A national survey of 1100 physicians, conducted by HCD Research and the Louis Finkelstein Institute for Religious and Social Studies of The Jewish Theological Seminary in New York City, found that 74% of doctors believe that miracles have occurred in the past and 73% believe that they still occur today.
The poll also indicated that American physicians are surprisingly religious, with 72% indicating they believe that religion provides a reliable and necessary guide to life.
Dr. Alan Mittleman, Director of The Finkelstein Institute, says that: “The picture that emerges is one where doctors, although presumably more highly educated than their average patient, are not necessarily more secular or radically different in religious outlook than the public.”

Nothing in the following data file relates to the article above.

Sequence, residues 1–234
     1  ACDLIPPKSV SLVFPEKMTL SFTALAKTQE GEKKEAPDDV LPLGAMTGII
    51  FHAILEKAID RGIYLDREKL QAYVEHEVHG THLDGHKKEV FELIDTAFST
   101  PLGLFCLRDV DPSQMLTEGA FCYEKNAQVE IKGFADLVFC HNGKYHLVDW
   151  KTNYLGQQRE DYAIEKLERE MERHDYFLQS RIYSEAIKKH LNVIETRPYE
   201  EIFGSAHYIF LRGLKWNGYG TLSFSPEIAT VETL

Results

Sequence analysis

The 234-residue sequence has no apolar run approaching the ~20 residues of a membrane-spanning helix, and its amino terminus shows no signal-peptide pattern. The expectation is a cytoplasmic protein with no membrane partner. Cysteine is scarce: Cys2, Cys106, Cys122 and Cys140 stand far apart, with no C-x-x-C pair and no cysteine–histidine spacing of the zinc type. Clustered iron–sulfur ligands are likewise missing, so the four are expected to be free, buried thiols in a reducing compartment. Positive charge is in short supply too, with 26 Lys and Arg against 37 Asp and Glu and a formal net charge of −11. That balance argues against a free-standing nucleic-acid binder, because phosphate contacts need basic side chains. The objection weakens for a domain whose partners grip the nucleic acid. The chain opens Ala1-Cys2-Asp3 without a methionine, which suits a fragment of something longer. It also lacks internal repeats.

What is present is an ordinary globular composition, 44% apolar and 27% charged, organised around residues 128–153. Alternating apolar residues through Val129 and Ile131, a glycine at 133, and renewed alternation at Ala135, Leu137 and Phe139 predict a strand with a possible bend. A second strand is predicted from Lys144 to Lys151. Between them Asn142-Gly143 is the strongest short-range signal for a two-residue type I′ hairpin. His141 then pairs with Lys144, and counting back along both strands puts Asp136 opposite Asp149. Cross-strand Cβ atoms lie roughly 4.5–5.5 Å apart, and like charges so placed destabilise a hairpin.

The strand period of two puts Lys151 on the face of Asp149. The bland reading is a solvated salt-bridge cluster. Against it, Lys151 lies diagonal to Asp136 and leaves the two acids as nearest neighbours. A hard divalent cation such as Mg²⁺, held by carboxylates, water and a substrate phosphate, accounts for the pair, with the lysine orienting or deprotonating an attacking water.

Perhaps the most surprising result of the survey is that a majority of doctors (55%) said that they have seen treatment results in their patients that they would consider miraculous (45% do not). Thus, of the 1100 physicians examined, 605 claimed to have witnessed a medical miracle. Most physicians pray for their patients as a group (51%). Even more, 59% pray for individual patients.
This reminds me of my personal doctor who is not particularly religious in any way. On one occasion she booked an elderly lady in for a back operation to rectify a dislodged spinal disc. A few days before the operation, in which my GP was operating as an assistant, the woman returned to her practice claiming that her back had healed after her family had prayed for her. Scans of her back confirmed this full recovery and the operation was cancelled. When I asked my GP what she thought of this she said that “some things are not scientifically explainable.”
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